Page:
Review: Sleuth, Richmond Theatre

Now playing at Richmond Theatre, Anthony Shaffer’s Sleuth continues to please with its game-playing machinations

“There’s nothing like a little bit of mayhem to cheer one up

Audra McDonald warned us about not going back to before but I have to admit to a real joy (I don’t believe in my pleasures being guilty!) in revisiting shows, particularly thrillers with a twist. Arguably, that is saying too much already but given that Anthony Shaffer’s Sleuth dates back to 1970, I don’t think that it is too much of a spoiler to say that not everything is quite as it seems on the highly polished surface.

I caught this touring production in Windsor back in February knowing nothing about it but this time around, armed with that prior viewing of the play, plus watching both the 1972 and 2007 film versions, I was fascinated to see how the drama played out when you know what to look for. The beauty though, under Rachel Kavanaugh’s taut direction here, is that Sleuth really does play its cards close to its chest.

Shaffer’s tightly coiled plotting is effective from top to bottom, as famed mystery writer Andrew Wyke invites Milo Tindle over with an unexpected proposition for him. A few crumbs offered here and there but as the games and manipulations between them unfold, the capacity to shock and surprise is well maintained. Todd Boyce and Neil McDermott capture differing but complementary takes on the masculine ego with great conviction, each’s need to have the upper hand a telling sign.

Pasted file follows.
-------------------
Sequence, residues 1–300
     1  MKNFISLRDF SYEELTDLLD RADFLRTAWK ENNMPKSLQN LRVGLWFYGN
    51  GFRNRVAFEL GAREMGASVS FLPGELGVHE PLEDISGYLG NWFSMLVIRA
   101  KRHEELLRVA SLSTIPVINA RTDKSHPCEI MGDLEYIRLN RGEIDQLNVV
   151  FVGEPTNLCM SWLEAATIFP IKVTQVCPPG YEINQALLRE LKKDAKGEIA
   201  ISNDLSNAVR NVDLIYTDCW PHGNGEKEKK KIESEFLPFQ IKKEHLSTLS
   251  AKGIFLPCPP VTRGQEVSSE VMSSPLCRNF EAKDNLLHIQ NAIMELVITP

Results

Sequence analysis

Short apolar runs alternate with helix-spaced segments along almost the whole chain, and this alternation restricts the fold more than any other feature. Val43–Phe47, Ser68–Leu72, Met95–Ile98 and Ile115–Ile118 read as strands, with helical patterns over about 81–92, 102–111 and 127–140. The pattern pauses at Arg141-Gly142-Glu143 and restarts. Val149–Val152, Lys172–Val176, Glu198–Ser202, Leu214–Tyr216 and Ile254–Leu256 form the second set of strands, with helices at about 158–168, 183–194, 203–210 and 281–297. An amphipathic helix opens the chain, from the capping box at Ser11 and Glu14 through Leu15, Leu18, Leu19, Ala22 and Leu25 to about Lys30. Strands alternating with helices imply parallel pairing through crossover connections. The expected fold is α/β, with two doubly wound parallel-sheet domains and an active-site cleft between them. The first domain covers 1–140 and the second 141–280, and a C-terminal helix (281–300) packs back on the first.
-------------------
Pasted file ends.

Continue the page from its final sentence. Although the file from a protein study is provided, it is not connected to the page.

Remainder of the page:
Julie Godfrey’s handsome country manor house design remains an absolute treat, the perfect venue for all this game-playing with its accumulation of so much stuff (I kinda want a sarcophagus next to a grandfather clock at the top of my staircase now…) so much of which has its own role to play. A story, and a production, that easily bears a second viewing with two great performances at its core.

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